How to Choose a Stronger Password So the Holiday Season Can Remain Merry.

You know the drill. Every time you sign up for a new account online – whether it’s your email, Facebook, or even your bank – you’re prompted to create a password. And so begins the never-ending cycle of trying to come up with something that is both strong and memorable.

But with all of the different rules about what makes a good password (must be at least eight characters long, must contain at least one number and one symbol, etc.), it can be tough to find a combination that is both easy to remember and tough to crack.

So what can you do?

Well, don’t worry – we’ve got you covered. Here are eight simple tips for creating a stronger password that you will actually be able to remember.


Hackers use multiple methods for trying to get into your accounts. The most rudimentary way is to personally target you and manually type in letters, numbers, and symbols to guess your password. The more advanced method is to use what is known as a “brute force attack.” In this technique, a computer program runs through every possible combination of letters, numbers, and symbols as fast as possible to crack your password. The longer and more complex your password is, the longer this process takes. Passwords that are three characters long take less than a second to crack.

My Tip: The more secure a password needs to be, the longer you should make it. Think financial institutions, shopping sites, and online applications that are connected to a credit card or bank account.


Long passwords are good; long passwords that include random words and phrases are better. If your letter combinations are not in the dictionary, your phrases are not in published literature, and none of it is grammatically correct, they will be harder to crack. Also do not use characters that are sequential on a keyboard such as numbers in order or the widely used “qwerty.”

My Tip: Come up with a phrase that you will remember. Then use the first letter of each of the words to form a nonsense phrase. For example: My dog is my best friend and I love him more than anyone on earth! Mdimbfailhmtaoe!


Randomly mix up symbols and numbers with letters. You could substitute a zero for the letter O or @ for the letter A, for example. If your password is a phrase, consider capitalizing the first letter of each new word, which will be easier for you to remember. My Tip: Remember when I came up with the phrase? Well, if I need a symbol then I will make my phrase take place somewhere. For example: My dog is my best friend and I found him at my favorite park! Mdimbfaifh@mfp!


If there is information about you that is easily discoverable—such as your birthday, anniversary, address, city of birth, high school, and relatives’ and pets’ names—do not include them in your password. These only make your password easier to guess. On that note, if you are required to choose security questions and answers when creating an online account, select ones that are not obvious to someone browsing your social media accounts.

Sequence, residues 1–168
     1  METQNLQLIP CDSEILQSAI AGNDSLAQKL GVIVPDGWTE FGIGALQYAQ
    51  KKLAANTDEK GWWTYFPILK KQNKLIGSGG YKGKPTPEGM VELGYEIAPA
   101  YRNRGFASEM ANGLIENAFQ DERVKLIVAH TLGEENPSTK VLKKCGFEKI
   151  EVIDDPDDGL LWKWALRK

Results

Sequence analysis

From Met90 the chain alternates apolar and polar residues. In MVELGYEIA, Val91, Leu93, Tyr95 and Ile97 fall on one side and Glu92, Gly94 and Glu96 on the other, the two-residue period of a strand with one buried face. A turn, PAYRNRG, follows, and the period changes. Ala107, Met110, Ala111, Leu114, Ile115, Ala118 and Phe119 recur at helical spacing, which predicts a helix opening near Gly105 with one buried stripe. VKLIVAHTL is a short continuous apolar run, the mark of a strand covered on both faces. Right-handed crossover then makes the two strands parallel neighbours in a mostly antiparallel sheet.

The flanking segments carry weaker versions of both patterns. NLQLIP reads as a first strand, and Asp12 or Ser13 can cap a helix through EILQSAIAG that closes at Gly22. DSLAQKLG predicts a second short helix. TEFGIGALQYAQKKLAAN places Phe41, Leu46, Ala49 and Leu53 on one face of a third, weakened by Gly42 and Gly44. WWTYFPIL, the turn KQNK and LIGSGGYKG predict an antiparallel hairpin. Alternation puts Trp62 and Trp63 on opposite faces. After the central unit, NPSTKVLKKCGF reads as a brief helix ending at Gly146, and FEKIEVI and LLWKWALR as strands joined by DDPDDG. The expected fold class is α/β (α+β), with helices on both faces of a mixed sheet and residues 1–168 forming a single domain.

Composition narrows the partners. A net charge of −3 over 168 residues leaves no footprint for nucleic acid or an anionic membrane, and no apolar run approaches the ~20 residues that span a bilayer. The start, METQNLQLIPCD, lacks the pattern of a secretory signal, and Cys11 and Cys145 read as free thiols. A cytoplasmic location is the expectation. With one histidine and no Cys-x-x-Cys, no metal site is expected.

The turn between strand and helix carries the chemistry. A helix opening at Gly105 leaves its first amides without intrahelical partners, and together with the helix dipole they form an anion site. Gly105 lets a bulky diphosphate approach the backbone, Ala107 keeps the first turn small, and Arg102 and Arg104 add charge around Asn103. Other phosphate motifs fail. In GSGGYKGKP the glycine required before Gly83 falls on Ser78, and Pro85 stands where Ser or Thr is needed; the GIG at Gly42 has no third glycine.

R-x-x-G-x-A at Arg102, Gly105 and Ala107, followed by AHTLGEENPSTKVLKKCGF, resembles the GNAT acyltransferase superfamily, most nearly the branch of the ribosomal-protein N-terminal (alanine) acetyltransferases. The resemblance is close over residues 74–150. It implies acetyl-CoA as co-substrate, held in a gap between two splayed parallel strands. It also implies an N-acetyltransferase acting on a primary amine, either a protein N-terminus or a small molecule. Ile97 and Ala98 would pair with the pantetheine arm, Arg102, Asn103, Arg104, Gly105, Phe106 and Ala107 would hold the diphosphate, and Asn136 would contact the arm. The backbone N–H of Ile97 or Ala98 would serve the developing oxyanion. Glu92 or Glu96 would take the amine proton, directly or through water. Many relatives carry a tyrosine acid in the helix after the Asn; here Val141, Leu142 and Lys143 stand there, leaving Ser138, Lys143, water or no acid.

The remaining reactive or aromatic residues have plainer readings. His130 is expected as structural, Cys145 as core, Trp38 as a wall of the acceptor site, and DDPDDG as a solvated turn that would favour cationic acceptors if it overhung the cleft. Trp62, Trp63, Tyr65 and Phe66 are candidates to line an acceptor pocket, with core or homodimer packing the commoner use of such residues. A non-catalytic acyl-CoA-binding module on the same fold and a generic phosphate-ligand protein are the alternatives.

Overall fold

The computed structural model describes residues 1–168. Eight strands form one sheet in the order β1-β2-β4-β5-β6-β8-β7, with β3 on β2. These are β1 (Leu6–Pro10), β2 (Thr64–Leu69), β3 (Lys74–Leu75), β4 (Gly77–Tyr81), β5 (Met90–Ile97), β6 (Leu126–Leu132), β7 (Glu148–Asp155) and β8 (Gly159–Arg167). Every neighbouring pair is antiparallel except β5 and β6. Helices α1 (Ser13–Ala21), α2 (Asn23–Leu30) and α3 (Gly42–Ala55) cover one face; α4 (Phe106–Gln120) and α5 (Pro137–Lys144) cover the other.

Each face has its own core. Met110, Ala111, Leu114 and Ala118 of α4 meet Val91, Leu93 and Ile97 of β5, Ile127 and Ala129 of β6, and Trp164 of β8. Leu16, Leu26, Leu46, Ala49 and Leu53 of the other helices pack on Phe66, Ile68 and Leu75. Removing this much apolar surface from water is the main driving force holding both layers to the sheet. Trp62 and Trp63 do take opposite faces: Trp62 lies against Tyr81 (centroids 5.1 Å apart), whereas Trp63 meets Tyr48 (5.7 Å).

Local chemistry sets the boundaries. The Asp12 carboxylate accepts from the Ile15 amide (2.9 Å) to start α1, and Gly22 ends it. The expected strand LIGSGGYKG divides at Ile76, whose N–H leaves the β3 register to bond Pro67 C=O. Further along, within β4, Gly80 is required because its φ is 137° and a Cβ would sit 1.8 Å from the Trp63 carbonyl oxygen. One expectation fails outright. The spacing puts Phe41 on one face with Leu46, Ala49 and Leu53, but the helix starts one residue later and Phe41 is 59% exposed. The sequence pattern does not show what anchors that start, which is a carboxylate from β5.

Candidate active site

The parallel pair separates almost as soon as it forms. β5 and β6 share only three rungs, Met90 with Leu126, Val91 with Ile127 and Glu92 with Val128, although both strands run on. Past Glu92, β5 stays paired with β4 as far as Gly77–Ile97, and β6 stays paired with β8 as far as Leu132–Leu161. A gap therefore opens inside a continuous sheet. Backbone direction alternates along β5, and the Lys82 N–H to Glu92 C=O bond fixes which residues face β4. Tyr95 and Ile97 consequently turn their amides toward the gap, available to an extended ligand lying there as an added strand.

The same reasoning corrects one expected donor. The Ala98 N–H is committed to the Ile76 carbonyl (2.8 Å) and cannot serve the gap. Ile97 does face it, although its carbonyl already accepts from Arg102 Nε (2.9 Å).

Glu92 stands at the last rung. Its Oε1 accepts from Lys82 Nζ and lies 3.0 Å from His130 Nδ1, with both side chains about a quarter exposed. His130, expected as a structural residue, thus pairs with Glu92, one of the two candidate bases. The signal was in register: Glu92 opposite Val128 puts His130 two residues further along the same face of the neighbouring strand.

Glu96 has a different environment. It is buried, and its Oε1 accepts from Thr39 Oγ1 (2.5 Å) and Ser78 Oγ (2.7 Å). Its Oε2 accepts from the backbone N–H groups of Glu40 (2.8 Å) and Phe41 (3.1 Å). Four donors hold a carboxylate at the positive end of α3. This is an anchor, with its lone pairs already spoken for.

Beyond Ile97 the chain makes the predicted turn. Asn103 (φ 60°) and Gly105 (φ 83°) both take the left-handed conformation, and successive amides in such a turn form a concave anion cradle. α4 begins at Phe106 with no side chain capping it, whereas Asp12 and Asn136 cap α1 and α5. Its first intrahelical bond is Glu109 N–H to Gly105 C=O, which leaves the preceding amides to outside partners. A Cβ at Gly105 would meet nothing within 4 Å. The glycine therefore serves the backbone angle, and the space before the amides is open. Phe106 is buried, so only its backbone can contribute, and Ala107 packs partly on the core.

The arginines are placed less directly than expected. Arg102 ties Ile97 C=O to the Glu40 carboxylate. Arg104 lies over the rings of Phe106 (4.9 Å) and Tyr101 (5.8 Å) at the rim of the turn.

My Tip: If you have posted it on Social Media it should not be used in a password.


When hackers complete large-scale hacks, as they have recently done with popular email servers, the lists of compromised email addresses and passwords are often leaked online. If your account is compromised and you use this email address and password combination across multiple sites, your information can be easily used to get into any of these other accounts. Use unique passwords for everything.

My Tip: I know this seems crazy and I will not lie, it is a big undertaking. It needs to be done, so let's conquer this in baby steps. Start by making a list and work down it a little at a time. Need a starting point? Click here for our form.


Password managers are services that auto-generate and store strong passwords on your behalf. These passwords are kept in an encrypted, centralized location, which you can access with a master password. (Don’t lose that one!)

My Tip: I definitely use one. At Applied we use Last Pass. Last Pass keeps all my passwords in a secure location, allows me to autofill a password and share passwords with other teams members.


Don’t give your passwords to anyone else. Don’t type your password into your device if you are within plain sight of other people. And do not plaster your password on a sticky note on your work computer. If you’re storing a list of your passwords—or even better, a password hint sheet—on your computer in a document file, name the file something random so it isn’t a dead giveaway to snoopers.

My Tip: With Last Pass I can organize my passwords by folder, applying a different set of permissions per folder. This way I can share the company-wide passwords and keep more sensitive passwords private.


The more sensitive your information is, the more often you should change your password. Once it is changed, do not use that password again for a very long time.

My Tip: Set up a monthly reminder in Outlook. Change 5 passwords a month. Remember, baby steps.

The holidays are a time for cheer and good will towards men… and women.

Unfortunately, they’re also a time when cybercriminals are busy trying to take advantage of unsuspecting users. By following our simple password tips, you can make it much harder for the bad guys to break into your system and steal your data. And if you need help creating and managing strong passwords, we’ve got you covered – our password management tool is easy to use and helps keep your online accounts safe.

Contact us if you need advice on Password Management.

So be sure to follow these tips, and happy holidays!

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